But it is necessary to look further. We must penetrate to the very heart of ancient institutions, plunge into the social depths, and uncover this indestructible leaven of equality which the God of justice breathed into our souls, and which manifests itself in all our works.
Labor is man’s contemporary; it is a duty, since it is a condition of existence: “In the sweat of thy face shalt thou eat bread.” It is more than a duty, it is a mission: “God put the man into the garden to dress it.” I add that labor is the cause and means of equality.
Cast away upon a desert island two men: one large, strong, and active; the other weak, timid, and domestic. The latter will die of hunger; while the other, a skilful hunter, an expert fisherman, and an indefatigable husbandman, will overstock himself with provisions. What greater inequality, in this state of Nature so dear to the heart of Jean Jacques, could be imagined! But let these two men meet and associate themselves: the second immediately attends to the cooking, takes charge of the household affairs, and sees to the provisions, beds, and clothes; provided the stronger does not abuse his superiority by enslaving and ill-treating his companion, their social condition will be perfectly equal. Thus, through exchange of services, the inequalities of Nature neutralize each other, talents associate, and forces balance. Violence and inertia are found only among the poor and the aristocratic. And in that lies the philosophy of political economy, the mystery of human brotherhood. Hic est sapientia. Let us pass from the hypothetical state of pure Nature into civilization. The proprietor of the soil, who produces, I will suppose with the economists, by lending his instrument, receives at the foundation of a society so many bushels of grain for each acre of arable land. As long as labor is weak, and the variety of its products small, the proprietor is powerful in comparison with the laborers; he has ten times, one hundred times, the portion of an honest man.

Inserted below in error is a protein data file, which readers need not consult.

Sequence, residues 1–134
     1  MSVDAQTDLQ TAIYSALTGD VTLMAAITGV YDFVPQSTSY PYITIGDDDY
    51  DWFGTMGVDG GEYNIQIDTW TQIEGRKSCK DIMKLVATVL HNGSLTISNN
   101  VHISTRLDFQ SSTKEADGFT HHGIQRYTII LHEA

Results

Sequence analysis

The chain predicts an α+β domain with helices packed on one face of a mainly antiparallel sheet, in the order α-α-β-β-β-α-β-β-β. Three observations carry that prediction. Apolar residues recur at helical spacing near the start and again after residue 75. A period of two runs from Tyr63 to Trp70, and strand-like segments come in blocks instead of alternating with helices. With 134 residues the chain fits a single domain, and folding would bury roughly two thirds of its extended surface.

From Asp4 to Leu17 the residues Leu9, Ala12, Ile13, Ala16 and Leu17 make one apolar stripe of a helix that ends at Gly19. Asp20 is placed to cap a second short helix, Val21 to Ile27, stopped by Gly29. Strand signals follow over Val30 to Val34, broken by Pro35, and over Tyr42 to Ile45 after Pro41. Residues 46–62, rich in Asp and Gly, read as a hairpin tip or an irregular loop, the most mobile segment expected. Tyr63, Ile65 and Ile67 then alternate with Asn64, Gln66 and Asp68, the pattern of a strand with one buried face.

But let labor, by multiplying its inventions, multiply its enjoyments and wants, and the proprietor, if he wishes to enjoy the new products, will be obliged to reduce his income every day; and since the first products tend rather to depreciate than to rise in value, – in consequence of the continual addition of the new ones, which may be regarded as supplements of the first ones, – it follows that the idle proprietor grows poor as fast as public prosperity increases. “Incomes” (I like to quote you, sir, because it is impossible to give too good an authority for these elementary principles of economy, and because I cannot express them better myself), “incomes,” you have said, “tend to disappear as capital increases. He who possesses to-day an income of twenty thousand pounds is not nearly as rich as he who possessed the same amount fifty years ago. The time is coming when all property will be a burden to the idle, and will necessarily pass into the hands of the able and industrious.(9) …” In order to live as a proprietor, or to consume without producing, it is necessary, then, to live upon the labor of another; in other words, it is necessary to kill the laborer. It is upon this principle that proprietors of those varieties of capital which are of primary necessity increase their farm-rents as fast as industry develops, much more careful of their privileges in that respect, than those economists who, in order to strengthen property, advocate a reduction of interest. But the crime is unavailing: labor and production increase; soon the proprietor will be forced to labor, and then property is lost.